Athens, Ga. – John Lowe, an internationally recognized scholar in ethnic American and Southern literature at the University of Georgia, will speak on “The Tropical Sublime in the 19th Century Circum-Caribbean” Feb. 12 at 5:30 p.m. at Ciné, 234 W. Hancock Ave.
Lowe’s talk is the third installment in the six-part Global Georgia Initiative, a series of lectures and conversations organized by the UGA Jane and Harry Willson Center for Humanities and Arts.
In his recently completed book, “Calypso Magnolia: The Caribbean Side of the South,” to be published by the University of North Carolina Press, Lowe suggests that writers of the circum-Caribbean often employ what he has termed “the tropical sublime.” He describes the tropical sublime as “a rhetorical device that helps writers work through the inexpressible, awe-inspiring aspects of nature.”
However, Lowe stressed, “it has also been employed to limn cultural vectors: the ‘racial sublime,’ colonized ‘tropic’ peoples and the vast natural resources of the hemisphere that have inspired both awe and greed.”
A future volume, “The Tropical Sublime in the Atlantic World,” will center entirely on this concept, Lowe said, using texts from the U.S. South, the Caribbean and Latin America.
Recent scholarship related to the circum-Caribbean is focused on “expanding ideas of cultural contact beyond the traditional boundaries of national history,” said Nicholas Allen, Franklin Professor of English in the Franklin College of Arts and Sciences and director of the Willson Center. “Professor Lowe is at the forefront of that scholarship.”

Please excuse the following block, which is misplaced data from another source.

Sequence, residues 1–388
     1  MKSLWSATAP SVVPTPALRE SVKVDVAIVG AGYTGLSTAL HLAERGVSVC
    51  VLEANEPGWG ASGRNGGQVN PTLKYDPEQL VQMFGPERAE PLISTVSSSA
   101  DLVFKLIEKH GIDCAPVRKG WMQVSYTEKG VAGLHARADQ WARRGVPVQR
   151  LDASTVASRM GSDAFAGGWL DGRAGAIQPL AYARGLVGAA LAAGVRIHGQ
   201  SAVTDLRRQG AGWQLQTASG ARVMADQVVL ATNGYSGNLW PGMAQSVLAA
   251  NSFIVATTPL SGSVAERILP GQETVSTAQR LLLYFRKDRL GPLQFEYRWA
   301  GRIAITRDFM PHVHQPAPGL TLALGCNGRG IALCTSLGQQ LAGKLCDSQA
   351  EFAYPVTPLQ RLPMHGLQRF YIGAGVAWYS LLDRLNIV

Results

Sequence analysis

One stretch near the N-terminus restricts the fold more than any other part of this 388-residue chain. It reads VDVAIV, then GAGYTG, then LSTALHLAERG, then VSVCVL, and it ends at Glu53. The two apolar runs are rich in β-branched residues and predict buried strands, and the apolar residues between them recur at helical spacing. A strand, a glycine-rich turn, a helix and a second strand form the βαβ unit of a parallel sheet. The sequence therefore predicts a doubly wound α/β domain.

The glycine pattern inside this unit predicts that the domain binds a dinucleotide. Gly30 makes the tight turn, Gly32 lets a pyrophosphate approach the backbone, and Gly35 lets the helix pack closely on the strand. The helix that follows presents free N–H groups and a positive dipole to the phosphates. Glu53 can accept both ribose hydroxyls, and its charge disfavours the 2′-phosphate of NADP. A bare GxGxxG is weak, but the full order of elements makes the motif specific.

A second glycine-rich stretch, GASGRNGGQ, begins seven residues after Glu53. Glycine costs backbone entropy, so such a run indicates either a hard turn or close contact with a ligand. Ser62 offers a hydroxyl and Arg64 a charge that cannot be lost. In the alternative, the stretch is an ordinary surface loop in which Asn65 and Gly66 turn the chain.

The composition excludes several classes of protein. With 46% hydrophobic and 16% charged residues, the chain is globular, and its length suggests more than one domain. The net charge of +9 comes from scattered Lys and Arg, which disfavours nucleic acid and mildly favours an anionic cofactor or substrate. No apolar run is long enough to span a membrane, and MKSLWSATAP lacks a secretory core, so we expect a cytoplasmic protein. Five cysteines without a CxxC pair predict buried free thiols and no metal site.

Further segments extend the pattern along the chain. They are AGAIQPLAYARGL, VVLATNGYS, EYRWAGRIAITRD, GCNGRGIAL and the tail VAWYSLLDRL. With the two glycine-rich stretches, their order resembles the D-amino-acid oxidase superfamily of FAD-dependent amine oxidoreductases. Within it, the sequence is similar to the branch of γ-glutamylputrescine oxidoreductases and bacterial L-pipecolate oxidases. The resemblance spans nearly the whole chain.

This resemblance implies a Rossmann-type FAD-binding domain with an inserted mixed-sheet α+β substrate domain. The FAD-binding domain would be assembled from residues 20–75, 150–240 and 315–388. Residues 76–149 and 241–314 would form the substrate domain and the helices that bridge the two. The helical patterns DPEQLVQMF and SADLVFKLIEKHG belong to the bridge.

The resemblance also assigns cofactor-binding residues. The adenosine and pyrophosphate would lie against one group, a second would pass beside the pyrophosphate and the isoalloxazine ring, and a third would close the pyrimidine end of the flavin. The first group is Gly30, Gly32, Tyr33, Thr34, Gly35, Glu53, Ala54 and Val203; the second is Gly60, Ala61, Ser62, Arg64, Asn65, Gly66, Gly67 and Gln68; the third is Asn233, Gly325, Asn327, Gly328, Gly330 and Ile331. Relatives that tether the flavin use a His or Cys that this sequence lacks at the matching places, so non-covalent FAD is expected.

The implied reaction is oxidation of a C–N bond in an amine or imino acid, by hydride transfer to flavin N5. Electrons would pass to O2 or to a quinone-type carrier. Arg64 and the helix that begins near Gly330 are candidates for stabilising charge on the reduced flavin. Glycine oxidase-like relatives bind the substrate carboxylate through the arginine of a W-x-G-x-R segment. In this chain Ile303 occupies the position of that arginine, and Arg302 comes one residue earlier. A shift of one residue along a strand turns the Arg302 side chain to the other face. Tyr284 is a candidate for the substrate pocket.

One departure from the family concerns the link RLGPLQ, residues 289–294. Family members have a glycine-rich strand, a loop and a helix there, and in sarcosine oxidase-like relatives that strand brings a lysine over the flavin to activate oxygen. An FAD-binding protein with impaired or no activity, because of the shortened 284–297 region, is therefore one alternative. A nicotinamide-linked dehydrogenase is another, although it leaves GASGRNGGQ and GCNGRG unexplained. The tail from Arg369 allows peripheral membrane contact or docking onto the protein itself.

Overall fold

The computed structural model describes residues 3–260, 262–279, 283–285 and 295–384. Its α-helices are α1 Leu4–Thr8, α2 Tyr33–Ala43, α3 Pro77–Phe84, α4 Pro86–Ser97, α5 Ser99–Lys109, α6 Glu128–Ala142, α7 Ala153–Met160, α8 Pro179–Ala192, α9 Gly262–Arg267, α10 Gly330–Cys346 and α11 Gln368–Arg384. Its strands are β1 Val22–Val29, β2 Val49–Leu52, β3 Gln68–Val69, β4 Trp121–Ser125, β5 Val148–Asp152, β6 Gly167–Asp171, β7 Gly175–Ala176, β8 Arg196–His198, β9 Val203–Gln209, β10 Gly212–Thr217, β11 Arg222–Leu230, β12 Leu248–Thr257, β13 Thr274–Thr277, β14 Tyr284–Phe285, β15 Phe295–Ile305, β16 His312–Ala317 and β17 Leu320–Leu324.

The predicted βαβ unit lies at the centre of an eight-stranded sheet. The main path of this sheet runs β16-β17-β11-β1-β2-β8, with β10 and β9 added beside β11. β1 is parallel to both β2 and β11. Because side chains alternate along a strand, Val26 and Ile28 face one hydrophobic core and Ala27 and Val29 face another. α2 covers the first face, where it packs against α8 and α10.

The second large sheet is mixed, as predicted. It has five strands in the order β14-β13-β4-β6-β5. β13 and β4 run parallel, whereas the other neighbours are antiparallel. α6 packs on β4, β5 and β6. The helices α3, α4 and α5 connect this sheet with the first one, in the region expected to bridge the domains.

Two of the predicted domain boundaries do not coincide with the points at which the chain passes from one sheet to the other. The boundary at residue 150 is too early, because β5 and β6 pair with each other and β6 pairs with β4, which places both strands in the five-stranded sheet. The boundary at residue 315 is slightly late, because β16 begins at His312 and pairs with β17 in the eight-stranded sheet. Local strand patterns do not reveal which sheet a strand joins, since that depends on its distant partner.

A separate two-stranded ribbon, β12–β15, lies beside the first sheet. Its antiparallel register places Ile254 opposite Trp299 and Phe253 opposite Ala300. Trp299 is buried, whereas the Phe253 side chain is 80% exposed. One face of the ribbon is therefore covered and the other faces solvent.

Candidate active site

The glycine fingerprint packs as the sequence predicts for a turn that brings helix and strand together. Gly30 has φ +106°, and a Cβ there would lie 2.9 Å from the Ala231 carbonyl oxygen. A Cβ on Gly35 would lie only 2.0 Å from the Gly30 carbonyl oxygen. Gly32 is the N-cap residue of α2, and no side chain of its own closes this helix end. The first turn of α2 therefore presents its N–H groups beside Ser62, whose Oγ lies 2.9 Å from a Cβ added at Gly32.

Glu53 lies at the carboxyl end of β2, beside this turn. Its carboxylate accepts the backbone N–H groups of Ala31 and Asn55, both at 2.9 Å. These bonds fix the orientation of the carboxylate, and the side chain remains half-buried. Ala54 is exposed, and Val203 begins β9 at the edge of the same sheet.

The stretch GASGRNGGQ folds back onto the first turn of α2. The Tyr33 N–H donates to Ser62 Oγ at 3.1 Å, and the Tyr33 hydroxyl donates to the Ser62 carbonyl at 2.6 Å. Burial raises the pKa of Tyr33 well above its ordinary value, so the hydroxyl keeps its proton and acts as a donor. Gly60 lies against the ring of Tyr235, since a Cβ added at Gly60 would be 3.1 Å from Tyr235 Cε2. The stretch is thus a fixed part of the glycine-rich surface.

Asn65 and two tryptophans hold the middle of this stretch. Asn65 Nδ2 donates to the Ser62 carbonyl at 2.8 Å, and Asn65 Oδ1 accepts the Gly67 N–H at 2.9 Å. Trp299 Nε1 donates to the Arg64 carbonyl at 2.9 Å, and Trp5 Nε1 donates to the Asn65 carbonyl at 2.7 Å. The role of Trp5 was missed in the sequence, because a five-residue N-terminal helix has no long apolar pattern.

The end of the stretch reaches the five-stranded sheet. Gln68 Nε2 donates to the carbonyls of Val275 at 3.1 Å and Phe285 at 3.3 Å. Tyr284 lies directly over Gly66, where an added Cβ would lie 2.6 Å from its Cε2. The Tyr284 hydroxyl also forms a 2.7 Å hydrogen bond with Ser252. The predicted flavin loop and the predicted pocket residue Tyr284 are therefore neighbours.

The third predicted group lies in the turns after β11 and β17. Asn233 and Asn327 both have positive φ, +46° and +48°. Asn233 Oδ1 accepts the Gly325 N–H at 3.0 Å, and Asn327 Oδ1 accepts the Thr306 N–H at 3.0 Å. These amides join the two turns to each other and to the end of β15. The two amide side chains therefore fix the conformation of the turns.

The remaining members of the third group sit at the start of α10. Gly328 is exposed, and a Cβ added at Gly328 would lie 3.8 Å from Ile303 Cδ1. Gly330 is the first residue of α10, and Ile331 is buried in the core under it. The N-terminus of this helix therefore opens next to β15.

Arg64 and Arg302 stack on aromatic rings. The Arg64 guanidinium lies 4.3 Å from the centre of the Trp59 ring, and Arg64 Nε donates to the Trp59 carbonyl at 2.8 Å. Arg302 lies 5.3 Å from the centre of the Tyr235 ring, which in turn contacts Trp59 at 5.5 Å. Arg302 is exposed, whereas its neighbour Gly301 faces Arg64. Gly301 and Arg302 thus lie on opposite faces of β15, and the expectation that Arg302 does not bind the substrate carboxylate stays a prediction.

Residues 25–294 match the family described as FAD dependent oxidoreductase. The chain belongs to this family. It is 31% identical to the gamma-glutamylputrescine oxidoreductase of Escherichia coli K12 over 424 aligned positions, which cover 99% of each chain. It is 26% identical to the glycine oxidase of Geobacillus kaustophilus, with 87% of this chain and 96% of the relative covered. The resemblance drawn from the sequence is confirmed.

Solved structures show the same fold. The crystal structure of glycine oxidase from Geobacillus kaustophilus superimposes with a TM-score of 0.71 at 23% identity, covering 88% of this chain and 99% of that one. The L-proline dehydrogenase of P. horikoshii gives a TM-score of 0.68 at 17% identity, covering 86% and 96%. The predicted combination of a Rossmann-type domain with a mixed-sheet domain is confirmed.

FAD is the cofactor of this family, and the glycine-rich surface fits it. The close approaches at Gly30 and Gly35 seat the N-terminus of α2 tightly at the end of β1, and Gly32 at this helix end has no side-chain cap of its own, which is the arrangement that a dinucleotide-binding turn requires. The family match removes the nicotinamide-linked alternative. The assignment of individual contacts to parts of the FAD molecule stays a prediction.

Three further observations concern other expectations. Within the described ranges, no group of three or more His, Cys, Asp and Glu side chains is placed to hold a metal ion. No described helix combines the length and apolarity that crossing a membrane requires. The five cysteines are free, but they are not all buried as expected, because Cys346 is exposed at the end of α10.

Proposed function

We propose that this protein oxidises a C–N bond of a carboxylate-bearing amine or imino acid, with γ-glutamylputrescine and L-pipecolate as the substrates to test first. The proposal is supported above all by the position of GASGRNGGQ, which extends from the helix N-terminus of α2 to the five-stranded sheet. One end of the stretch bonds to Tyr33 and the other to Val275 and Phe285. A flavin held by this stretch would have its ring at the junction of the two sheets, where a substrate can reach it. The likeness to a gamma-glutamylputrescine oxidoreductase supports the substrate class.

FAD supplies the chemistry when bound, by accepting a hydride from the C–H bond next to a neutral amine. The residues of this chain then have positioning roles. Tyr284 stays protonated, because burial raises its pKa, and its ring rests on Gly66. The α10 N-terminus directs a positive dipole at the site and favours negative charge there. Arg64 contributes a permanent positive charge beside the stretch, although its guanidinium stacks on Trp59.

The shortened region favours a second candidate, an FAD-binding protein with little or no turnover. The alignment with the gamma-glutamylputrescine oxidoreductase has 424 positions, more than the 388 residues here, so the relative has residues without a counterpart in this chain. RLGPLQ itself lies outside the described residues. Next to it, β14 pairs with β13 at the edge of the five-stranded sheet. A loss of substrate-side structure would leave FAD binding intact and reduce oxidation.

Lowe is the Barbara Lester Methvin Distinguished Professor of Southern Literature in the Franklin College department of English. From 1997-2000, he was president of the Society for the Study of the Multi-Ethnic Literature of the U.S. and is the recipient of a MELUS Lifetime Achievement Award for Distinguished Contributions to American Ethnic Literature. He won a National Endowment for the Humanities Research Fellowship for 2008-2009.
Lowe has authored and edited numerous books in ethnic American and Southern literature, published dozens of essays and presented more than 80 papers in North America, Europe and Asia.
The goal of the Global Georgia Initiative is to present global problems in local context by addressing pressing contemporary questions—including the economy, society and the environment—with a focus on how the arts and humanities can intervene.
The 2013 Global Georgia lecture series will run through March 5. The remaining speakers in the series are Bertis Downs, entertainment lawyer, public education activist and longtime adviser to R.E.M.; Ntone Edjabe, writer, journalist, disc jockey and founding editor of the pan-African literary and political journal Chimurenga; and Valerie Babb, professor of English and African American Studies in the Franklin College and director of the Institute for African American Studies at UGA.
For more information on the Global Georgia Initiative, see http://willson.uga.edu/programs/public-programs/global-georgia-initiative/. For more information on Ciné, see http://athenscine.com.
Willson Center for Humanities and Arts
The Jane and Harry Willson Center for Humanities and Arts is a unit of the Office of the Vice President for Research at UGA. In the service of its mission to promote research and creativity in the humanities and arts, the Willson Center sponsors and participates in numerous public events on and off the UGA campus throughout the academic year. It supports faculty through research grants, lectures, symposia, publications, visiting scholars, visiting artists, collaborative instruction, public conferences, exhibitions and performances. For more information, see http://willson.uga.edu/.